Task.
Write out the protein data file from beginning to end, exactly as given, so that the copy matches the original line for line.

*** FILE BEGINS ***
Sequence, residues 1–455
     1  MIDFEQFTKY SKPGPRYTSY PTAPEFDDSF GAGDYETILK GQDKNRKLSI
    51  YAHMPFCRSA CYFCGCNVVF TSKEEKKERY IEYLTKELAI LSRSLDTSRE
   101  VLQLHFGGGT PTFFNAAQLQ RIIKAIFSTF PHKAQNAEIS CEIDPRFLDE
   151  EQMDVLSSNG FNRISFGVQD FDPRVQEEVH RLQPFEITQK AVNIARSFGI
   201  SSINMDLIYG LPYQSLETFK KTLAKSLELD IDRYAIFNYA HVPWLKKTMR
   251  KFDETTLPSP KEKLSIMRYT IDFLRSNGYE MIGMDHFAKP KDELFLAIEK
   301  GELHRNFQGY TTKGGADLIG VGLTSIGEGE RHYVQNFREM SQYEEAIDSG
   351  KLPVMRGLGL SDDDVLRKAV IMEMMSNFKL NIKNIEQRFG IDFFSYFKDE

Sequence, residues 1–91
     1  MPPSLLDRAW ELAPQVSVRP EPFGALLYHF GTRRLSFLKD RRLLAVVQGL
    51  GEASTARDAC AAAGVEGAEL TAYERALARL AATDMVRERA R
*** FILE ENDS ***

Sequence, residues 1–455
     1  MIDFEQFTKY SKPGPRYTSY PTAPEFDDSF GAGDYETILK GQDKNRKLSI
    51  YAHMPFCRSA CYFCGCNVVF TSKEEKKERY IEYLTKELAI LSRSLDTSRE
   101  VLQLHFGGGT PTFFNAAQLQ RIIKAIFSTF PHKAQNAEIS CEIDPRFLDE
   151  EQMDVLSSNG FNRISFGVQD FDPRVQEEVH RLQPFEITQK AVNIARSFGI
   201  SSINMDLIYG LPYQSLETFK KTLAKSLELD IDRYAIFNYA HVPWLKKTMR
   251  KFDETTLPSP KEKLSIMRYT IDFLRSNGYE MIGMDHFAKP KDELFLAIEK
   301  GELHRNFQGY TTKGGADLIG VGLTSIGEGE RHYVQNFREM SQYEEAIDSG
   351  KLPVMRGLGL SDDDVLRKAV IMEMMSNFKL NIKNIEQRFG IDFFSYFKDE

Sequence, residues 1–91
     1  MPPSLLDRAW ELAPQVSVRP EPFGALLYHF GTRRLSFLKD RRLLAVVQGL
    51  GEASTARDAC AAAGVEGAEL TAYERALARL AATDMVRERA R